Kentucky Blue Grass
Mowing Kentucky Blue Grass
The best overall mowing height for Kentucky Bluegrass is 2 to 2 1/2 inches. If you lower the mowing height you will need to increase the frequency of mowing. Let say you mow in the Spring at 2 1/2 inches, you can normally limit cutting frequencies to one mowing per week. However, if you mow lower, you will need to mow perhaps twice a week. If you decide to mow at one inch, you will more than likely be cutting three times per week.
It is best to never mow off more than 1/3 to 1/2 of the turf height. If you mow at 2 1/2 inches, wait until the lawn gets to 3 1/4 inches before mowing. Mowing more than 50% of the grass causes scalping. If you happen to scalp during the summer months there is a strong chance that your blue grass will end up dying or become over run with lawn weeds.
My rule of thumb is two mow Kentucky Blue Grass at 2 1/2" in the Spring, 3"+ in the Summer, and 2" in the late fall.
Bluegrass that grows in shade is best to keep cut at approximately 3" + as it grows faster than in the sun. Keep in mind that Bluegrass is a cool season turf, so the cooler the temperature, the more growth.
Do not allow Bluegrass to enter winter at a hight height. You do not want 3" + inches of this turf whenever winter comes. Excessive fall growth increases winter lodging, winter and early spring diseases, and causes excessive burning and brown turf.
If your lawn has the brown patch fungus, it is best to maintain a lower than normal summer height.
Should you Bag Blue Grass Clippings?
The only time you should collect Bluegrass clippings:
- A serious disease is actively infecting the turf.
- The growth is very high and normal mowing tends to windrow the clippings, causing smothering of the turf below.
- A lot of weed seed can be collected and discarded.
Time your mowing.
Mowing when the soil / turf is dry instead of wet reduces disease transmission and clumping of clippings (which can smother the turf below).
Never mow when the soil is very dry and the temperature is higher than 90 degrees. This mechanically damages the grass and can thin-out or completely kill the turf.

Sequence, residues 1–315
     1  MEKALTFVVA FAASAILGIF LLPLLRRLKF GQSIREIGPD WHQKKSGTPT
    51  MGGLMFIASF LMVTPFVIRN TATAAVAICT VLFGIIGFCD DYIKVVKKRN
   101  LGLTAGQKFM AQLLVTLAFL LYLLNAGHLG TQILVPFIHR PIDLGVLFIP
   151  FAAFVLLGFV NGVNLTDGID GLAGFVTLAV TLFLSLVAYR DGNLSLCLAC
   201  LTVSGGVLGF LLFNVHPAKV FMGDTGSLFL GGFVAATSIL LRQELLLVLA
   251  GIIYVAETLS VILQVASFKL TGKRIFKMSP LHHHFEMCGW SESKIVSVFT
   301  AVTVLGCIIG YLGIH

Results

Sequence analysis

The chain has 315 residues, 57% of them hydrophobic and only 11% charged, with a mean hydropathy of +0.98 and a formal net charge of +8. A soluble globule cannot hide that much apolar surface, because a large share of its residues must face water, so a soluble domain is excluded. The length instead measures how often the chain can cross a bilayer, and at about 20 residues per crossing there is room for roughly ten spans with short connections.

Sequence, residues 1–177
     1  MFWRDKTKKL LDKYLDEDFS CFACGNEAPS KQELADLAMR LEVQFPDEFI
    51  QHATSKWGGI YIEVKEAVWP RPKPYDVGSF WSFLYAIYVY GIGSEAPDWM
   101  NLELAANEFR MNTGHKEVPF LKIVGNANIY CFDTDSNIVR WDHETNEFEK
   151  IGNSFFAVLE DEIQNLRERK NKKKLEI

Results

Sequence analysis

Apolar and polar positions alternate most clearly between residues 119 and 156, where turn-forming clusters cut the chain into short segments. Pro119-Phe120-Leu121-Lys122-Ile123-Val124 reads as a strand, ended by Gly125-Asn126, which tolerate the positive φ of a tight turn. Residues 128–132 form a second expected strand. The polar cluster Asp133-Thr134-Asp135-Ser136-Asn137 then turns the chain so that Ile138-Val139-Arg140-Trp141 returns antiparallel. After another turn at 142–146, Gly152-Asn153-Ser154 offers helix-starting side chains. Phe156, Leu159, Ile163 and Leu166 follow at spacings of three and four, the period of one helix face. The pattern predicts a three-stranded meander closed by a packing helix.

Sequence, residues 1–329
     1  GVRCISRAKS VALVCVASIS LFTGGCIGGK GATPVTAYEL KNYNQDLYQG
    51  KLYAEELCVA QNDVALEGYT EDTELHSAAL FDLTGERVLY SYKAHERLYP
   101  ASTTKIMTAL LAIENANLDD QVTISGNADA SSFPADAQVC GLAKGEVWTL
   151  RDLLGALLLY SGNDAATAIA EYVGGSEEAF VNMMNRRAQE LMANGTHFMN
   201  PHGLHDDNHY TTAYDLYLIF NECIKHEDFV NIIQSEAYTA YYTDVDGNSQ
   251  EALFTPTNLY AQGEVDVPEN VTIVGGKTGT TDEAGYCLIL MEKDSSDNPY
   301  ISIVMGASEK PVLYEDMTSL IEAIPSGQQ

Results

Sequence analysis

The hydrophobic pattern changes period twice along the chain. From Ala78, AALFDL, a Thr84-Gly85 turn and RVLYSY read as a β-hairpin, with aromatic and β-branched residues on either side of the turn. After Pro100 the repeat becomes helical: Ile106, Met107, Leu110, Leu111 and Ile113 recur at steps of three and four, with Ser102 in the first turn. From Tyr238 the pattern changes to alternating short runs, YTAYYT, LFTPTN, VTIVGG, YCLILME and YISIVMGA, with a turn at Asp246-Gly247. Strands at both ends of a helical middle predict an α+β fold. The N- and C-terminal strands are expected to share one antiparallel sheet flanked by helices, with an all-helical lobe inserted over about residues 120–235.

An early spring mowing will even up the turf, mow off the old brown leaves, and cause earlier spring green-up.
When the soil becomes dry in the summer and growth subsides, don't more more often than necessary to prevent scalping.
Mow lower in the late fall to help improve winter and early spring green color.
Varieties of Kentucky Blue Grass.
Over 100 cultivars (varieties) of Kentucky bluegrass have been developed during the past 25 years. Some varieties tolerate southern climates better than others (Adelphi, Baron, Fylking, Glade, Midnight, Ram I, Vantage, Victa and Warrens A-34), some have moderate shade tolerance (Bristol, Glade, Nugget and Touchdown), and some tolerate closer mowing (Adelphi, Bristol, Ram I and Touchdown). Select a blend of about 3 varieties for planting in the transition zone to increase your opportunity for success. Many of these grasses differ in their degree of susceptibility to leaf spot diseases and Fusarium blight, both being troublesome in the transition zone. A blend of several varieties will usually appear superior to a single variety since all varieties are usually not affected by adverse conditions at the same time or to the same degree.
Planting Kentucky Bluegrass.
Where bluegrass is established from seed, plant 2 to 3 pounds per 1,000 sq. ft. of lawn. Lower seeding rates require much longer to develop a cover, particularly where seed are broadcast over the soil surface. Where seed are drilled into the top inch of soil, lower seeding rates can be used. Kentucky bluegrass can be seeded year round, but best results are obtained in the spring and fall. New seedings require light, frequent watering (2 to 3 times per day for the first 2 weeks). After seedling emergence, watering frequency can be reduced.
Weed, Pest and Disease Control.
Annual bluegrass (P. annual), crab grass, dandelions and clover are major weed problems in Kentucky bluegrass turf. The annual grasses can be effectively controlled with timely applications of pre-emerge herbicides. The broad leaved weeds are effectively controlled with hormone type herbicides.
Insects including white grubs, bill bugs and sod web worms can destroy plantings of bluegrass. Insect populations should be monitored so that timely insecticide applications can be made. Pest management in this manner is much more cost effective than either routine insecticide applications or re-planting large areas of bluegrass turf.
Major diseases of bluegrass turf in the transition zone include Fusarium, Helminthosporium leaf spot diseases, rust and powdery mildew. Selecting blends of Kentucky bluegrass with different degrees of resistance to these diseases is one means of control. Over seeding bluegrass turf with perennial ryegrass or planting mixtures of bluegrass and ryegrass provides a good suppression of Fusarium blight, a disease which causes a bleaching of leaves and severe rotting of roots.
Having a problem with your Bluegrass turf?
Give us a call or use the contact link above, we are more than happy to discuss or come take a look and give recommendations!